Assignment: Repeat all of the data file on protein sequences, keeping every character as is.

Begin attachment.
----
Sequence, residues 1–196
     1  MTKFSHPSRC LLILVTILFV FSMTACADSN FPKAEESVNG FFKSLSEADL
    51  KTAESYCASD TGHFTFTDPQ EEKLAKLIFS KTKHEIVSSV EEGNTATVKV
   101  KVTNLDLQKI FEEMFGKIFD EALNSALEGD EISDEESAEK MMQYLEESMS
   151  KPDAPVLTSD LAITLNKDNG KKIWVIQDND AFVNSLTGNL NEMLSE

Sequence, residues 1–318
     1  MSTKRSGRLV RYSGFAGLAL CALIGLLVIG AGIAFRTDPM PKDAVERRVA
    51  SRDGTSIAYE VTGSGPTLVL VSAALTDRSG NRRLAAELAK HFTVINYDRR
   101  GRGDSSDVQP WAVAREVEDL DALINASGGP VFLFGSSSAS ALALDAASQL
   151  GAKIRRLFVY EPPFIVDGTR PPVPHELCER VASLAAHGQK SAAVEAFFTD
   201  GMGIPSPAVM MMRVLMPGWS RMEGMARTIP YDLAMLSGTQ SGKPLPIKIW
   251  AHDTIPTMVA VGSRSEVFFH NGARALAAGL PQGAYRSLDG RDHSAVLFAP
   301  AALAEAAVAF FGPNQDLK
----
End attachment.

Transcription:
Sequence, residues 1–196
     1  MTKFSHPSRC LLILVTILFV FSMTACADSN FPKAEESVNG FFKSLSEADL
    51  KTAESYCASD TGHFTFTDPQ EEKLAKLIFS KTKHEIVSSV EEGNTATVKV
   101  KVTNLDLQKI FEEMFGKIFD EALNSALEGD EISDEESAEK MMQYLEESMS
   151  KPDAPVLTSD LAITLNKDNG KKIWVIQDND AFVNSLTGNL NEMLSE

Sequence, residues 1–318
     1  MSTKRSGRLV RYSGFAGLAL CALIGLLVIG AGIAFRTDPM PKDAVERRVA
    51  SRDGTSIAYE VTGSGPTLVL VSAALTDRSG NRRLAAELAK HFTVINYDRR
   101  GRGDSSDVQP WAVAREVEDL DALINASGGP VFLFGSSSAS ALALDAASQL
   151  GAKIRRLFVY EPPFIVDGTR PPVPHELCER VASLAAHGQK SAAVEAFFTD
   201  GMGIPSPAVM MMRVLMPGWS RMEGMARTIP YDLAMLSGTQ SGKPLPIKIW
   251  AHDTIPTMVA VGSRSEVFFH NGARALAAGL PQGAYRSLDG RDHSAVLFAP
   301  AALAEAAVAF FGPNQDLK